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Tiempo Libre

Jupiter Index

Blending Jazz and Classical Music Together

Jupiter Index

Thursday, May 21, 2009

The two-time Grammy-nominated Tiempo Libre ("Free Time") is one of the leading proponents of timba music, a jazz-based Afro-Cuban dance form that was birthed in 1980s Cuba. The band, featuring the core members of Jorge Gomez (band leader/arranger/keyboardist), Joaquin "El Kid de la Salsa" Diaz (lead vocals), Leandro Gonzalez (congas), and Tebelio "Tony" Fonte (bass), were classically trained in Havana and also had an ear for their native Cuban music and the American sounds of jazz and rock. Formed in 2001, the Miami-based group quickly became heralded as the first all-Cuban timba group in the U.S. and the new ambassadors of Cuban music.
Tiempo Libre has toured the world over, including South America, Europe, Asia, and North America, winning rave reviews for their rich and intoxicating eclectic stew of Latin and American musical forms and spirited, joyful stage performances. Their albums Arroz con Mango and What You've Been Waiting For/Lo Que Esperabas met with critical respect, and they have also worked with several Latin giants such as Celia Cruz, Arturo Sandoval, Cachao, Albita, NG La Banda, and Gonzalo Rubalcaba. The band's diversity and appreciation of different musical sounds is demonstrated through their covers of the Beatles' "Hey Jude" and Aldalberto Alvarez's classic cha cha cha "A Bayamo en Coche" set next to original compositions such as "Ven a Bailar."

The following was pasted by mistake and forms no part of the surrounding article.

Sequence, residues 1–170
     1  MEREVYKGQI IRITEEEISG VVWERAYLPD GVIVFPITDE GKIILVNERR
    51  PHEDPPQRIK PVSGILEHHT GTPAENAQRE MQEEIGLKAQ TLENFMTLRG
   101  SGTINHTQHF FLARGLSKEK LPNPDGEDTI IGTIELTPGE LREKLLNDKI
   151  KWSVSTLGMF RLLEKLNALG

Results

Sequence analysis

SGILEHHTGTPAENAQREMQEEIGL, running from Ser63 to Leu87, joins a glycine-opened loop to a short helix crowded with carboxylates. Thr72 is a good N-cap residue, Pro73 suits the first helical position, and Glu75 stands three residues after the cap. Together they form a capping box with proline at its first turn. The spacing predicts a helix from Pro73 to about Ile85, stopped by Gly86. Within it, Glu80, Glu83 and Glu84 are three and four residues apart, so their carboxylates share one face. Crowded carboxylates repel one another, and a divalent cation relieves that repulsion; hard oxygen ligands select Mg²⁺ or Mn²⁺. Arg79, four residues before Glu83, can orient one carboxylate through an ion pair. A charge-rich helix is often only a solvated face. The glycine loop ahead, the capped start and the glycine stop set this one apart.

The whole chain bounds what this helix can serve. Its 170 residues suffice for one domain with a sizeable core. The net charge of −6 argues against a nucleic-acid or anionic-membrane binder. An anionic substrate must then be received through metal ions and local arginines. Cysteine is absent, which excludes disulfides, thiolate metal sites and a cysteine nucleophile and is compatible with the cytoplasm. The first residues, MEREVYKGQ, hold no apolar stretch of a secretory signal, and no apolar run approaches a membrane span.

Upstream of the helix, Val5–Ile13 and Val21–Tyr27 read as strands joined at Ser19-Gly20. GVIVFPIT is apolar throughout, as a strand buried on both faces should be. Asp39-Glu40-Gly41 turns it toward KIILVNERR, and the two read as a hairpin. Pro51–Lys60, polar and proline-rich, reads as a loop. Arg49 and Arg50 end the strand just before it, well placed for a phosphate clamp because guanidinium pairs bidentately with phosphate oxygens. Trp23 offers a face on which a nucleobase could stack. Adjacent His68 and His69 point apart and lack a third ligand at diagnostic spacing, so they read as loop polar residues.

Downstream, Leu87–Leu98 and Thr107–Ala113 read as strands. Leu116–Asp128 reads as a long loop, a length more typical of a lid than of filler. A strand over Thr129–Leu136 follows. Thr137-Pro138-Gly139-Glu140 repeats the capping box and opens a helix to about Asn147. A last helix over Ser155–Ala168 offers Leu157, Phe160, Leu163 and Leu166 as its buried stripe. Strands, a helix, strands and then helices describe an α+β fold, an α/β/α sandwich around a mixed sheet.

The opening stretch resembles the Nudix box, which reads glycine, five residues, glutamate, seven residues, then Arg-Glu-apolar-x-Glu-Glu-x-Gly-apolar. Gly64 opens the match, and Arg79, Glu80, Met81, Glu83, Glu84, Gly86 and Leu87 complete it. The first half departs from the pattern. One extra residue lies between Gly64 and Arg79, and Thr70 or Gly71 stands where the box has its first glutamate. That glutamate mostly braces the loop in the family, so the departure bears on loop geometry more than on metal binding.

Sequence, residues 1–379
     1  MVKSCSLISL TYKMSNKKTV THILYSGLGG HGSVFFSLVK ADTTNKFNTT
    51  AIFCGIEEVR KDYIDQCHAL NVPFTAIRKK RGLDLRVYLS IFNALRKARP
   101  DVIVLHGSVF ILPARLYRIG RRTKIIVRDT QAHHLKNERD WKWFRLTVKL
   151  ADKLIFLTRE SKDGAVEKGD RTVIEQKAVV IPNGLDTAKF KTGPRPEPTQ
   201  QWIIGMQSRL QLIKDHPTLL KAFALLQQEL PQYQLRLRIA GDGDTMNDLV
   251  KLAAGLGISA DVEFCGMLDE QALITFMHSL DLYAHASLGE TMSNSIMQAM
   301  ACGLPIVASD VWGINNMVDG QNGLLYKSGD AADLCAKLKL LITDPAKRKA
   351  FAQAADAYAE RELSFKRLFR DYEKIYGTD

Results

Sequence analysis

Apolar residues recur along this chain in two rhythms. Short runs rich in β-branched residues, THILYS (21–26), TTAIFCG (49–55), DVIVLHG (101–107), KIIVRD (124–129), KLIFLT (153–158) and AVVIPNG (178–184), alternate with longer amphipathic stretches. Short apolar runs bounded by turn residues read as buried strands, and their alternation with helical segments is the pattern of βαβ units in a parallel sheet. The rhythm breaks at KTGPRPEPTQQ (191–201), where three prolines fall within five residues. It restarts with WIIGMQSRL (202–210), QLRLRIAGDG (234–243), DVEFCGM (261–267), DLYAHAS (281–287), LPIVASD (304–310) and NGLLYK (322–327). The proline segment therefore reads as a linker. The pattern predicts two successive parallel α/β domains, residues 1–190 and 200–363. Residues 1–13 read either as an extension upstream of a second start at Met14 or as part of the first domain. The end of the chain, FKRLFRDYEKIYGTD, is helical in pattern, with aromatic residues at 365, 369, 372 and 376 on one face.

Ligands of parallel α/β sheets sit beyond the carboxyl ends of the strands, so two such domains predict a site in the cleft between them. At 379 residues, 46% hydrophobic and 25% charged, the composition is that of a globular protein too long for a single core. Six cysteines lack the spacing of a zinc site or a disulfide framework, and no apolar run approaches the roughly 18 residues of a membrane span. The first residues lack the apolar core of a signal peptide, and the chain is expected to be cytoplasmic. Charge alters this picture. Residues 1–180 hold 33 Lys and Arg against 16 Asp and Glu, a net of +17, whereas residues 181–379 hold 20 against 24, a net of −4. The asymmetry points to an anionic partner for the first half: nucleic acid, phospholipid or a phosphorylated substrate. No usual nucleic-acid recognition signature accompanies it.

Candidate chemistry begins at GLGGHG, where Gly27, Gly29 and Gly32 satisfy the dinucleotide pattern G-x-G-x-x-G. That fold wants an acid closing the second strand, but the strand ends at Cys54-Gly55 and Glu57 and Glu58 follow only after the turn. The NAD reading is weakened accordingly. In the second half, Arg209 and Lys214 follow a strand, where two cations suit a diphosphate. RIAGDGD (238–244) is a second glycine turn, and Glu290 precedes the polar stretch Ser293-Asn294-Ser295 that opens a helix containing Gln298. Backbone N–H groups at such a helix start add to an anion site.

Recently, Tiempo Libre provided Latin jazz backings to classical flutist Sir James Galway's O'Reilly Street and have created an ambitious effort in fusing European classical music with Latin grooves on their new album Bach En Havana.

Along with other US-based timba bands such as Lisandro y su Tratado, Habana NRG, and La Timba Loca, Tiempro Libre are dedicated to spreading the hot-powered timba sound to the masses, the sound of their people and heritage. In a recent interview with Jupiter Index, the leader and musical arranger of the group, Jorge Gomez, shared his insights about their recent release of Bach En Havana and some of his best memories music.


Jupiter Index: What makes this new CD special for you and the band?
Jorge Gomez: This album is a journey back to our childhood. It's remembering the beginning of music in our lives, it is like closing our eyes and walking through our classrooms, dreaming, laughing, living a dream...which has now become reality. With this CD, not only do we want people to hear Bach anew, through Tiempo Libre, we want them to live what we lived during all those years - with Bach in our hearts and Cuba in our souls.
Was there a song that was hard to play or record in the studio?
Each one had it's own interpretive difficulty, but track #4 - clave in c minor, is particularly difficult. You really have to practice it hard before playing it. I love it!!

At this time, what are your ten best memories in music?
I don't know about ten, but some are:
1) Practicing, practicing, 3 or 4 hours a day.

2) Listening to the music of the great composers -- Bartok, Liszt, Chopin, Mendelssohn, Bach -- with my father.

3) Playing with my first group (Kaliz) in the festival jazz plaza in Havana.

4) Going to play at the toques de santo (ceremonies of the orishas), playing cajones (wooden boxes played like drums at the ceremonies) - what intense pain in your hands! But what a lasting joy!

5) When, at age 4, they made me choose between the violin and the piano - I broke the violin - and the piano was so big! Many memories.


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